Posted: 26th March 2020 | Back to news feed

The grass hasn’t stopped growing through another mild winter, leaving many native good doer ponies in danger of contracting laminitis. With the current environmental crisis, harsh winters may become a thing of the past, leaving some of us wondering how to shed the summer weight from good doers.


There has been a steady increase in the number of horses that are overweight or obese, leading to health problems including Equine Metabolic Syndrome, Laminitis, Joint Disease and Cushings. Recent figures show 55% of horses are affected, this number is expected to rise over the next few years as winters remain mild.

Obesity is seen as a disease of our time and the study of obesity in animals is an emerging science, revealing that adipose (fat) tissue produces harmful and inflammatory chemicals which predispose the horse to ill health and disease.

Colic and laminitis are the two biggest killers of horses, with diet cited as the main cause. The horse has a small stomach and a large hindgut designed to break down complex and diverse high-fibre low energy fodder type foods.

The microbes of the hindgut break down the complex fibre to acetate, propionate and butyrate, otherwise known as short chain fatty acids, providing ¾’s of the horse’s energy requirements.

The microbes in the gut also require a wide variety of plant compounds containing phytochemicals which interact with the bacteria that promote and control metabolism, lack of these promotes metabolic imbalances and alters endocrine function.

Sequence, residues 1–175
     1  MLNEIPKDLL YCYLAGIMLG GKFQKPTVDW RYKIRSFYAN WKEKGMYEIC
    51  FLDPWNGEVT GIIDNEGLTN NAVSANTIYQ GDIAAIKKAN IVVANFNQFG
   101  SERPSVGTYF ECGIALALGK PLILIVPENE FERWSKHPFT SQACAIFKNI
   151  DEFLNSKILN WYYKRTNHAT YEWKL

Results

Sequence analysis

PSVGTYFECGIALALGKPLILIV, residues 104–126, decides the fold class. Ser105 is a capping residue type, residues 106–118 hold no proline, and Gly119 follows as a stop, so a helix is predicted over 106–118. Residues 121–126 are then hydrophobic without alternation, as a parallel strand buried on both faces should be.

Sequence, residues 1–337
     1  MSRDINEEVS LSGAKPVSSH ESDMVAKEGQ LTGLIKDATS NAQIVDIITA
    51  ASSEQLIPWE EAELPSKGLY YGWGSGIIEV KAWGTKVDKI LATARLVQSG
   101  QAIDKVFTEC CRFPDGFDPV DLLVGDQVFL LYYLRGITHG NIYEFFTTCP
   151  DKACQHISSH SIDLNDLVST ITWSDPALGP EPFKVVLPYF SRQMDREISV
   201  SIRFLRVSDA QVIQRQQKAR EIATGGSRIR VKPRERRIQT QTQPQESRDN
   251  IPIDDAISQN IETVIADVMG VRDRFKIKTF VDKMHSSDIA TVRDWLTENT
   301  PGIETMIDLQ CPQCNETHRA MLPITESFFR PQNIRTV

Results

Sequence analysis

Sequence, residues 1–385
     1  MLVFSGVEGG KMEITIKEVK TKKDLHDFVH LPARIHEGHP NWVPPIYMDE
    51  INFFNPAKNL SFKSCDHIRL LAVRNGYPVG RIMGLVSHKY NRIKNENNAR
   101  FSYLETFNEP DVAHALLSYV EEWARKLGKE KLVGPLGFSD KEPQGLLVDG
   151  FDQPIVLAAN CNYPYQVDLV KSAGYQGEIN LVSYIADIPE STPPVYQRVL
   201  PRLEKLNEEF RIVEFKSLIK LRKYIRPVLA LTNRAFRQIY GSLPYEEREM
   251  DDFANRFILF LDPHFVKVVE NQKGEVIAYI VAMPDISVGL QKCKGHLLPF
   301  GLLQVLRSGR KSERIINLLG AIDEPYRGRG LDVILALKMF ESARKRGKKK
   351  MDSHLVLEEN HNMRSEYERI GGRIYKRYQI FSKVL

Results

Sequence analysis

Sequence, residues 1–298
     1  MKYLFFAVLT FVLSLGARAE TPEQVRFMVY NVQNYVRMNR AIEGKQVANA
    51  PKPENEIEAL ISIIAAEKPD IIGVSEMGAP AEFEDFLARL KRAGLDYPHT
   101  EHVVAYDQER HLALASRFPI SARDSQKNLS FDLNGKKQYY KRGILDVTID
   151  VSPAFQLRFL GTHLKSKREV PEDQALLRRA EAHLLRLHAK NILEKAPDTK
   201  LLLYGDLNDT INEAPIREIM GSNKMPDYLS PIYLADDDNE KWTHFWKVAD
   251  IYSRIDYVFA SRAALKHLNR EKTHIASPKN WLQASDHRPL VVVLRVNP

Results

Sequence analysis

You can’t change the size of the small stomach, so you can’t feed big meals, you can’t change the fact that a certain amount of low quality fibre and indigestible fibre is required to keep the hind gut microbiome happy.

If you are having long term metabolic problems the chances are the wrong diet has wrecked the gut and a state of low power and multiple symptoms are now manifesting. Repairing the gut will take time and thought.

Top Tips for Restoring the Gut

  • Go back to what nature intended, lots of small meals of low quality forage, topped up with ‘straights’ for performance horses.
  • Include a wide range of nature’s anti -oxidants rather than thinking the diet can be ‘balanced’ by feeding a formulated ration.
  • Patience! Repairing the gut can take time and patience, sometimes it is one step forward and two steps back, especially for those horses with hindgut acidosis and gut wall permeability, these may take up to 12 months to two years to repair.
  • To know precisely what’s going on your horse’s gut and how to restore the gut without the guess work take the EquiBiome Test. 

The EquiBiome Test Kit is ordered online at and once it arrives follow the instructions and return your horse’s faecal sample for testing. You will then receive a detailed report with recommendations to improve your horse’s gut health.

With the right management, based on facts not guess work, your horse’s gut health can be improved.

For further information or to order an EquiBiome Test Kit please visit and follow the ‘EquiBiome’ page on Facebook.

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